What’s not ok is that I continue to allow myself so frequently to become distracted by sex and easily dissuaded from focusing my energy on learning better coping mechanisms and becoming a more accepting loving human. I don’t need to change as such, just change my perspective… Why is it so hard?

So often we know in theory what is good for us, but, we fail to put this into practice, or our approach is wrong or, something is off
For example I know I need to move more, that's a given, but I need to be ok with it if that makes sense, like, just doing it because I know I should rather than physically crave it, it's not a help...

Last summer I ran over 100 miles in a couple of months, I went through that break up and noticed I’d started binge-eating again, so, I started running, a lot for me... 
I kept getting swollen, I put on weight, I felt like absolute garbage...

Then I read a study that said if you force yourself to exercise (which is a traumatic experience for the body, all the sudden movement and upheaval), instead of wanting to, your mind kinda makes the body register all the hormone rush, muscle strain and unpleasantness as a traumatic experience, so you might get a little adrenaline, but no dopamine or serotonin because the bod don't want to reward you and encourage you to go through such craziness in future... I was like, fuck, that's so what happens! Like my body was in shock after every run… I ended up with shin splints too...

Made me feel like a failure, like, damn this should be "working", why isn't it?! How can I get even this wrong?! Turns out, it's not uncommon, it let me off the hook a little...

Now, I just have to listen to myself better, move when it feels good (dancing alone in the dark?!), understand that the extra weight is ok, and that if I start counting this or measuring that, it's a short fall back into disordered eating and a long way out again... In short, RELAX.

Easier said than done, right?



I had a great talk with a cool human named Mohammed recently in Lapland, we were talking about expectations, fitting in, getting accustomed and de-sensitised to things. One of the (many) things we agreed on was that sometimes you reach a conclusion, you realise there’s a certain way you need to be (live authentically without being forced to conform for example) but, it’s easier said than done. His aunt died that week, a day after my uncle, and we were talking about the aftermath of death and how it makes you realise the brevity of life, you have all these notions (like, I’m going to make more of an effort to connect with my family!) then you realise…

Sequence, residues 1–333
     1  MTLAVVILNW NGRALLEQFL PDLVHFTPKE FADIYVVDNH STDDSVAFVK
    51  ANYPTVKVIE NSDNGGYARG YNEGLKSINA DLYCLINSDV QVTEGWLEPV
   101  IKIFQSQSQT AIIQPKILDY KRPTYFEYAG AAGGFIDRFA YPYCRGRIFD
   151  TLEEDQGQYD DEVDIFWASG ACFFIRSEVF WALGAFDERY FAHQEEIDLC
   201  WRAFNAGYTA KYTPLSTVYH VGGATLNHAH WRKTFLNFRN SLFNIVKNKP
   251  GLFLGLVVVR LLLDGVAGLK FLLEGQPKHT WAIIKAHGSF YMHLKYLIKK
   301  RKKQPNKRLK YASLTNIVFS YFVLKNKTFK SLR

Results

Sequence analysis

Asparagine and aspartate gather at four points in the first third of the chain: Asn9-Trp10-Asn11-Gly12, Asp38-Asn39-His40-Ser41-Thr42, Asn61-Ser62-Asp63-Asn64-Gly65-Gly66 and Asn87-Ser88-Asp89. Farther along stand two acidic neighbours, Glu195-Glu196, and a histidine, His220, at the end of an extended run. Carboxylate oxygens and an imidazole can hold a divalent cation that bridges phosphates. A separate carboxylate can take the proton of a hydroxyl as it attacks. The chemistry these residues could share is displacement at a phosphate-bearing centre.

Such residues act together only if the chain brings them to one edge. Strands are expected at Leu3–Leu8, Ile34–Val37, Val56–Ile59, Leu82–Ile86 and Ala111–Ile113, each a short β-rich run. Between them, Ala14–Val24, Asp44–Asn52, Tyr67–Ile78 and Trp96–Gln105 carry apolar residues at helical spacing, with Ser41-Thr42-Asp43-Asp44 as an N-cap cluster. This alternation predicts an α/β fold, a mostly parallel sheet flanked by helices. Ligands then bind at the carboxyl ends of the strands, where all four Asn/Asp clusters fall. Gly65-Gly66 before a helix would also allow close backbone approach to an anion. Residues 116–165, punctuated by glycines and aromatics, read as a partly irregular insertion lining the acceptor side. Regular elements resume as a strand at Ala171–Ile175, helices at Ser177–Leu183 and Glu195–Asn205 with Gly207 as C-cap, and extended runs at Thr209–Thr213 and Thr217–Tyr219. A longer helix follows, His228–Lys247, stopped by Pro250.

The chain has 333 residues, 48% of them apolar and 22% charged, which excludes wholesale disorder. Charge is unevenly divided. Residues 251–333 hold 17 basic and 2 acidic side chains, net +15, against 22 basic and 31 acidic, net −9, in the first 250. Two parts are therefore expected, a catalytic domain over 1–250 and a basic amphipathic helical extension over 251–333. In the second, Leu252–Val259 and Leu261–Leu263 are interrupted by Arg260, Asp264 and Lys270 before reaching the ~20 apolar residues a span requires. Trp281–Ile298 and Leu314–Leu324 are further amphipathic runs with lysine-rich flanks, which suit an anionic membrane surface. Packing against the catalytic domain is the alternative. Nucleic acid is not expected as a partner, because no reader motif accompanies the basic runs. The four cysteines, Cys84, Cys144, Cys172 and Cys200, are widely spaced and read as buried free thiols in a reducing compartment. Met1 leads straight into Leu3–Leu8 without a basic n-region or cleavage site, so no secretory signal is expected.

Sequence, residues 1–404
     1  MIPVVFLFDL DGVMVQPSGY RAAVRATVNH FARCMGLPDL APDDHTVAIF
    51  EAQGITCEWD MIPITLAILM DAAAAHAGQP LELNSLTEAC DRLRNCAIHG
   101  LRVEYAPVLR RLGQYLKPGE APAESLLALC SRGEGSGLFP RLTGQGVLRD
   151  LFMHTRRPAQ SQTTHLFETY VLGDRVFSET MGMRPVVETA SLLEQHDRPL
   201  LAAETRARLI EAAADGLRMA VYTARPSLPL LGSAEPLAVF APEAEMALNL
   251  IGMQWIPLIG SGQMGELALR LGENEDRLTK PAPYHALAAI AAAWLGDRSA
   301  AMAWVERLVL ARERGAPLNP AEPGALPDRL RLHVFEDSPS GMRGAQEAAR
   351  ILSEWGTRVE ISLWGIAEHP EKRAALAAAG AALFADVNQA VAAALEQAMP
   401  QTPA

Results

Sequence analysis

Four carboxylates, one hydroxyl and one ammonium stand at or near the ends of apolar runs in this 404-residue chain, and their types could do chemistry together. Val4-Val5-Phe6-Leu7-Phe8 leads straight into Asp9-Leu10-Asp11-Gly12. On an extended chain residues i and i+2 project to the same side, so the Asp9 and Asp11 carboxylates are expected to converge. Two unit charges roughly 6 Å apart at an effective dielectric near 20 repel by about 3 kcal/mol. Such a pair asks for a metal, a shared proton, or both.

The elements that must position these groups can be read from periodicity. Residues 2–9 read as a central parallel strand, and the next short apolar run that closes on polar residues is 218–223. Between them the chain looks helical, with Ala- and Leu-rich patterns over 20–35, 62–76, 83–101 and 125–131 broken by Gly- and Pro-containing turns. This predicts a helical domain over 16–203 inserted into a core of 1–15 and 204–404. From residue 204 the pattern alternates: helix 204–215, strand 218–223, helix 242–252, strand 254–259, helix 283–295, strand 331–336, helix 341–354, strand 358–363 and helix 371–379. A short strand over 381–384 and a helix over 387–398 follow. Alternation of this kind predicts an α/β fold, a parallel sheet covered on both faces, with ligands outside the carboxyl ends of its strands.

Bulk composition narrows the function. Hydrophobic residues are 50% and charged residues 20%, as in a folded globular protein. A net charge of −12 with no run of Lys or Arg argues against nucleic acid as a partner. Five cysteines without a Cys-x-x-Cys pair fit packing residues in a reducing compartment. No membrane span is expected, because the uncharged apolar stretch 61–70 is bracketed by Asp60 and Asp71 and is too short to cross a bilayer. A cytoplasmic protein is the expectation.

It doesn’t work like that! You can’t decide one day to get on with your family better, sure it’s a step in the right direction, but, unless everyone else is on board, you can’t force it, irrespective of whether you think your point of view is the most enlightened, if nobody else subscribes, it’s as if there’s no change, except now you feel a little hard done by that you had all these great plans for how meaningful everything was going to be all of a sudden and nothing took!

Whatever the case, our discussions were good ones, and, when I left and was unable to say goodbye to them he said “I just want to say that it was great meeting you and I really hope to see you again somewhere. Take care and don’t give a fuck about what is expected from you :) “



I really am touched that these people whose lives have intersected with mine so briefly seem to share such sentiments and also an undercurrent of wanting to free me from the shackles of my own imposed limitations. It’s humbling.

Along the lines of forced-enlightenment, I was reminded about how things have ended with me and all the Mr.s of late. The lack of contact, even among those who claimed a move over to the friendship, yet, have still not been in contact for months.

Lovely Dan sent this to me;
From which I have picked;
It’s unhealthy; Blanking is an avoidance tactic. Psychologists have shown that prolonged avoidance can be extremely damaging; it’s much healthier to confront your problems and accept (or resolve) them rather than avoiding them.

It’s understandable that you may be hesitant to confront the issue  and pretending the other person doesn’t exist is definitely easier in the short term — but maybe you should just grow the fuck up? Identify the reason and ensure both you and they are clear on what it is. Once you’re both clear on what the issue is and have all your cards on the table, pull your head out of the sand andtalk about the problem. Provided you’re both willing to repair the relationship you’ll be able to reach an amicable resolution, but even if you don’t feel that’s possible at least ensure both parties leave with closure and a valuable life lesson in how to (or not to) behave towards others.